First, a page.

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Monday, 30 August 2021
Page: 5438

Senator VAN (Victoria) (10:29): I rise to speak on the Fair Work Amendment (Improving Paid Parental Leave for Parents of Stillborn Babies) Bill 2021, which has been placed in front of us today by Senator Keneally. I would like to start by commending Senator Keneally on her advocacy for this issue. Thank you very much, Senator.

When I read the Senate Select Committee on Stillbirth Research and Education's final report, the words that really hit me were that this was 'a hidden tragedy', because I don't think the topic of stillbirths can be described in any other way. This is not something that you hear talked about in the news, in the media or around the dinner table with friends and family, yet it affects thousands of Australians every year. In 2018, 2,789 babies died in the perinatal period; of those, three-quarters were stillbirths. Despite the numerous medical and technological advancements that we have achieved in recent times, the rate of stillbirths has remained the same for the last two decades. This truly is a hidden tragedy that is occurring within our country and one that is not widely discussed. As such, parents and families often suffer through this process alone. I know we did. Open and public discussion about the topic of stillbirths is vitally important. The more awareness we raise around this, the better society can support and assist those who are afflicted with the pain of going through a stillbirth pregnancy. The loss of a child of any age is unthinkable and often goes unspoken; however, it is important that we speak about it.

The Senate Select Committee on Stillbirth Research and Education's final report outlines how many of our societal attitudes towards death underpin the silence and stigma surrounding stillbirth. Therefore it is important—for those who have suffered from a stillbirth, as well as those who may be afflicted by this in the future—that we talk about this. Open and honest discussions with family and friends can and will raise awareness around this issue and can only help those who suffer in silence. In our roles as senators for our various constituencies, if we do not speak about such important issues then they will remain hidden and unaddressed.

To go through such a tragedy at any stage of your life would be horrible, but to feel as though you're going through it alone would make it that much worse. This is why the National Stillbirth Action and Implementation Plan is so important. Released in December last year, the plan provides a range of actions to reduce stillbirth in Australia. While this is a crucial first step, stillbirths will not stop happening overnight. The plan has a primary goal of reducing stillbirths by 20 per cent over five years. To achieve this, the plan aims to address five priority areas:

ensuring high quality stillbirth prevention and care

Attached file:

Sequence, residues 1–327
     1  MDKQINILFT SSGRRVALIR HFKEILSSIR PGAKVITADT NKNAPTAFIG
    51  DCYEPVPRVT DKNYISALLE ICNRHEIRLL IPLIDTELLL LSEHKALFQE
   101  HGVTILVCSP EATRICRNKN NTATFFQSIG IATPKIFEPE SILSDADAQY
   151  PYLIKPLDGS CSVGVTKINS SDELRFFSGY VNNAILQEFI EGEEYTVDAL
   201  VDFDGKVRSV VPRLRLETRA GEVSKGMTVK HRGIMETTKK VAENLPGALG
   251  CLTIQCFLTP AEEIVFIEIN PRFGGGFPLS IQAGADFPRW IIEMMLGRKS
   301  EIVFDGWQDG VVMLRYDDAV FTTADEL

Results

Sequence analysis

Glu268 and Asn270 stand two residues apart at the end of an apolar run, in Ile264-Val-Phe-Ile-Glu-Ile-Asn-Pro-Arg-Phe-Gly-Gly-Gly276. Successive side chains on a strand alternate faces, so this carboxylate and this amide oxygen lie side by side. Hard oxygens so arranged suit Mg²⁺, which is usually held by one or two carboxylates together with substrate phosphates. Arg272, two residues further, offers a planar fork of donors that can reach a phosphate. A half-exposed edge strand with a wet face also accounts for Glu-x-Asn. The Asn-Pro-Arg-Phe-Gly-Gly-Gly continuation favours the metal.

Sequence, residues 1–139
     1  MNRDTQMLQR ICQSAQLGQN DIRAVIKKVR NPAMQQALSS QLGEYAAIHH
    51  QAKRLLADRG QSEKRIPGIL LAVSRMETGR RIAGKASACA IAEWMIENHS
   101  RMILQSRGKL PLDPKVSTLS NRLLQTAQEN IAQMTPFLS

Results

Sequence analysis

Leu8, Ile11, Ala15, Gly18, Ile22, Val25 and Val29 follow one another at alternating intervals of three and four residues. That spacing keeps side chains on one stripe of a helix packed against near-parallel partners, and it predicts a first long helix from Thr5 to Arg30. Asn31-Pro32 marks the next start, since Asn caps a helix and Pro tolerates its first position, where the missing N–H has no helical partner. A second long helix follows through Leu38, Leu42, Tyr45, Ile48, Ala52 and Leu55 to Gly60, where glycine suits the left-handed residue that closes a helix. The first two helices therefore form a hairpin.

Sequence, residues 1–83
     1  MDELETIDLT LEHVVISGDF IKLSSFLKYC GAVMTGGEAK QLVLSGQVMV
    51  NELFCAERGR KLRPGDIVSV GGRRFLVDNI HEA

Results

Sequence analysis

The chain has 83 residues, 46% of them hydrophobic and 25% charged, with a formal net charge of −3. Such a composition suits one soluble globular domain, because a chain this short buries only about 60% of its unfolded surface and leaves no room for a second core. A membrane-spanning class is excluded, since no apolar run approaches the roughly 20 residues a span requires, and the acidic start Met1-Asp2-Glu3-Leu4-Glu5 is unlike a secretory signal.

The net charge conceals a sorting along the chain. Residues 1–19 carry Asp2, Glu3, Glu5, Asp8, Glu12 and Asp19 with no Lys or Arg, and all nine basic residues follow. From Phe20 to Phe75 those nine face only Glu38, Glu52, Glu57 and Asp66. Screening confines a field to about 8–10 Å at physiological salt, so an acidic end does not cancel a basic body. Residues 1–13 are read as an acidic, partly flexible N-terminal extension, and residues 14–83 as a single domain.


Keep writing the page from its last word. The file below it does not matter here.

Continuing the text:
raising awareness and strengthening education

improving holistic bereavement care and community support following stillbirth

improving stillbirth reporting and data collection

prioritising stillbirth research.

With this plan in place, I'm hopeful that we can make some real progress in reducing the number of stillbirths occurring in Australia. This will improve the lives of thousands of Australians and is a worthy goal to pursue. It is important that we support Australian families, especially when they're doing it tough and going through all the emotions that come from suffering a stillbirth. The Morrison government is committed to this end.

This government understands that, in starting or raising a family, people are presented with a unique set of challenges and that many of these challenges impose on an individual's ability to participate effectively in the workforce. This is why the government has committed to supporting Australians in the workforce through pregnancy and parenthood and to improving workplace settings for employee parents and those who are expecting. Action taken by the government through the Fair Work Amendment (Improving Unpaid Parental Leave for Parents of Stillborn Babies and Other Measures) Act 2020 ensured that all provisions related to unpaid parental leave in the Fair Work Act provide a clear and consistent minimum standard, with improved support for those employees who have experienced stillbirth, to recognise the grief and emotional trauma of such circumstances. While recognising that most employers are obviously supportive of their employees, particularly when their employees have suffered such a tragic loss, this act ensures that the entitlement to unpaid parental leave for a parent whose baby is stillborn is precisely as it would have been if their baby had lived. The legislation also ensures that parents of stillborn babies or children who died during the first 24 months of life can take compassionate leave while on unpaid parental leave. It also reduces the rigidity of parental leave for parents of babies born prematurely and newborns who require hospitalisation immediately following birth, providing an opportunity to effectively put their leave on hold and return to work until the baby is ready to go home.